So we're still making money in a bull move - just not as much as we've mitigated 50% of our potential gains with our bearish hedges.  As we touch the top yet again into Christmas - it will be the bearish hedges we will be putting our gains into as clearly the bullish positions don't need much improvement if they are capable of making over $2,000 per day, right?  

The Short-Term Portfolio has very much benefited from this strategy this year in the previous 10 times we went short at the top (and no, this does not track our Futures trading - that's just for fun).  Maybe this time we'll be wrong but, if so, then our STP will lose but our LTP will win - that's the nature of the Balanced Portfolio Strategy that is the core principle we teach to our Members at Philstockworld.  

This is one of the hardest things we try to teach our traders - that sometimes you are making TOO MUCH MONEY and you need to stop.  While it's really great to say the LTP popped $19,000 in 10 days, that would be over $700,000 a year - almost doubling the size of the portfolio in 12 months.  CLEARLY that's not realistic so CLEARLY we need to hedge our gains so we don't end up giving them right back on the next market correction.  

So we take a percentage of our ill-gotten gains (thank you manipulators!) and we put it into downside hedges like the S&P Ultra-Short (SDS), which is all the way down to $19.05, down from $25 in August, when we had the flash-crash on the 24th.  $19 is where SDS bottomed out before in early November and it quickly popped back to $20.70, which is almost a 10% gain in a couple of weeks.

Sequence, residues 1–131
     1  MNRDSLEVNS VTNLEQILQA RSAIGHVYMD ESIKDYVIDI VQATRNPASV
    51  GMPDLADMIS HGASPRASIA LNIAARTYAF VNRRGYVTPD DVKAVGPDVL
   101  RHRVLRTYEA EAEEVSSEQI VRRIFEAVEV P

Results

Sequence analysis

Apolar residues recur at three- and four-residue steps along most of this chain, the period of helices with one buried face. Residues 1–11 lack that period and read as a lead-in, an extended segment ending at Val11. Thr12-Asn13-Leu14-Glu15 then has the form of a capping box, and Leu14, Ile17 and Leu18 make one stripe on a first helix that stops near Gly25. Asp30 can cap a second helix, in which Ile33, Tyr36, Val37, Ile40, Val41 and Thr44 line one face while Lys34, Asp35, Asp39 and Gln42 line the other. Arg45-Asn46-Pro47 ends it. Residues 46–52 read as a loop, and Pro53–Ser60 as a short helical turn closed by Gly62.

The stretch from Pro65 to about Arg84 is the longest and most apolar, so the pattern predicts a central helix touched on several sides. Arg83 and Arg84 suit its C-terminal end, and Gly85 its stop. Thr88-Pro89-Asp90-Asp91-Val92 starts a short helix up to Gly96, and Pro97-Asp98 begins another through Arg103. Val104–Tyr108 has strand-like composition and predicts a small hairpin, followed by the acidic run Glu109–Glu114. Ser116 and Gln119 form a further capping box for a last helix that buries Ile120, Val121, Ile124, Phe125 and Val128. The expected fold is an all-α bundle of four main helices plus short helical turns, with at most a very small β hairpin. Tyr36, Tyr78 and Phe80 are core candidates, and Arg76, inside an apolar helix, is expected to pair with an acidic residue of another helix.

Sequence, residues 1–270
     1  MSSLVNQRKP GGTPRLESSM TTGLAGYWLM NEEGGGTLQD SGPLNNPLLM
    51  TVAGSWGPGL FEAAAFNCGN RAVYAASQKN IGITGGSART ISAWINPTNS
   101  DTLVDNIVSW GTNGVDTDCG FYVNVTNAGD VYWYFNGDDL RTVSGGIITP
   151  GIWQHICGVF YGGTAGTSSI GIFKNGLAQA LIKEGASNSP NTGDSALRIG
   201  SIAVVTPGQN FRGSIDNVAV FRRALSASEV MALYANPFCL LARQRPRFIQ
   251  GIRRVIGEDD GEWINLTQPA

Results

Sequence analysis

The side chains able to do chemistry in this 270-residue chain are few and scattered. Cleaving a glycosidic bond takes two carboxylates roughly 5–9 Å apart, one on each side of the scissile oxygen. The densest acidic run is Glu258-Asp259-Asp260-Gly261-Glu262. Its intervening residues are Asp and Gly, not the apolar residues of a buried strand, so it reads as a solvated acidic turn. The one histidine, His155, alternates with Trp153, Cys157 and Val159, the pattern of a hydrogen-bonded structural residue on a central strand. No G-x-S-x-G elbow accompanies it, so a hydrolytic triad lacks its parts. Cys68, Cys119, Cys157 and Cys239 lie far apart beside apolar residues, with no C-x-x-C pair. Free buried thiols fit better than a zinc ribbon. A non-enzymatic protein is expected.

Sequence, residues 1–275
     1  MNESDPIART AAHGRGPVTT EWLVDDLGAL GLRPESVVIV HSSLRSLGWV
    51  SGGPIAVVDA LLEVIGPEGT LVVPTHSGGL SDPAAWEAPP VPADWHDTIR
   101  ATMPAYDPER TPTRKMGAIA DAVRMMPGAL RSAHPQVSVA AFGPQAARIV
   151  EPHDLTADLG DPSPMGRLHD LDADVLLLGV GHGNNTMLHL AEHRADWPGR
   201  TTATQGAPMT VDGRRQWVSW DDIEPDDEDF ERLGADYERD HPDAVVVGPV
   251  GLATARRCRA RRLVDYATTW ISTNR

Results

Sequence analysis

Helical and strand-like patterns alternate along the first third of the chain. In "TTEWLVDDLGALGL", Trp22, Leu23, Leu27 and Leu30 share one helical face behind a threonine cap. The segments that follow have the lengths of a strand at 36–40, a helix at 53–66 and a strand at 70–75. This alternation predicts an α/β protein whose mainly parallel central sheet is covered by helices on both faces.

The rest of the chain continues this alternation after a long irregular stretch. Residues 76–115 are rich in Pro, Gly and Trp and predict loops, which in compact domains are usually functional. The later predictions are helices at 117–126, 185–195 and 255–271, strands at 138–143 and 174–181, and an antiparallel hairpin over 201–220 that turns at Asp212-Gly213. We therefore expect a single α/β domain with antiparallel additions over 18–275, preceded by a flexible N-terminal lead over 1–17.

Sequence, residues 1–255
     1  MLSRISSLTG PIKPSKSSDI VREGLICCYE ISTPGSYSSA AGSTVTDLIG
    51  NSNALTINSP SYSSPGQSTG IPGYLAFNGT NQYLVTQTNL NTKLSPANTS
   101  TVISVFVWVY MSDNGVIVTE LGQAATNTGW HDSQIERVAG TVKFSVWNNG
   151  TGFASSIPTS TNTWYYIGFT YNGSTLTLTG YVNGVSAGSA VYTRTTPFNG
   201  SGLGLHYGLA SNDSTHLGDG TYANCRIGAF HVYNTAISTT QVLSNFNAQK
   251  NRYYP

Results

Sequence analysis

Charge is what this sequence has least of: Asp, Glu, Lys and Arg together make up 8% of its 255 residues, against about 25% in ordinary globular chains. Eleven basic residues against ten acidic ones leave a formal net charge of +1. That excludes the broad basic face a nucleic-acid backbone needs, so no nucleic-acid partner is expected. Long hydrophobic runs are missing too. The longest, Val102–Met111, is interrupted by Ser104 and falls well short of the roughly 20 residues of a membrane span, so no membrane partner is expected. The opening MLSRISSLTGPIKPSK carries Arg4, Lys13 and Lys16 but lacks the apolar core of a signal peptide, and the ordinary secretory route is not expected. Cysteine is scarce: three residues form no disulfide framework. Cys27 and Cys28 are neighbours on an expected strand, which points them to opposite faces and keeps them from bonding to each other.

While 10% is nice, at PSW we teach our Members how to use options to leverage a position like this and, for example, you can put your foot down and say SDS is not likely to go below $18, which is down 5% and implies a 2.5% gain in the S&P, to 2,152.  So, if we want a hedge into the Holiday, we can sell the SDS March $19 puts for $1.25 and use that money to pay for the January $18 calls at $1.30 and sell the Jan $20 calls for 0.48 for net 0.82 on the $2 spread.  

  • Sell 20 SDS March $19 puts for $1.25 ($2,500 credit) 
  • Buy 20 SDS Jan $18 calls for $1.20 ($2,400 debit)
  • Sell 20 SDS Jan $20 calls for $0.48 ($960 credit)

Combined with the short puts, the net on the whole spread is a 0.43 credit or $1,060 using 20 contracts.  If SDS goes over $20 and stays there through January options expiration (15th), then you will collect $4,000 for the spread and, if SDS stays over $19 through March, you will keep the $1,060 credit as well for a total profit of $5,060 from a position you got a $1,060 credit to begin with.  

That's how we like to hedge!  The best thing about this position is you can only lose if the S&P rises from here and that would mean the long positions you are protecting would be making money to offset any losses you may have on your SDS longs.  Also, it's not an all or nothing position - you can stop out the spread before it falls below net 0.52 and then you have your $1 net credit and the S&P can't hurt you unless it's over 2,150 by March and, if you are managing your longs correctly - that should make you happy, not sad!  

So there's hedging for dummies and I hope you enjoyed it.  Futures are far more fun but also far more dangerous and not the sort of thing we do in a single lesson but we do give weekly Live Trading Webinars to our Members where we often demonstrate our techniques and, if you are too cheap to join us - you can wait for the occasional free one.

As usual, the broad-based NYSE is keeping us from being gung-ho bullish as it's still 500 points below it's Must Hold line and the Dow and Russell are barely over theirs but the S&P and the Nasdaq are up in the stratosphere and that's why we key on them for shorts at the moment.  This stuff isn't complicated folks, just good old-fashioned trading logic...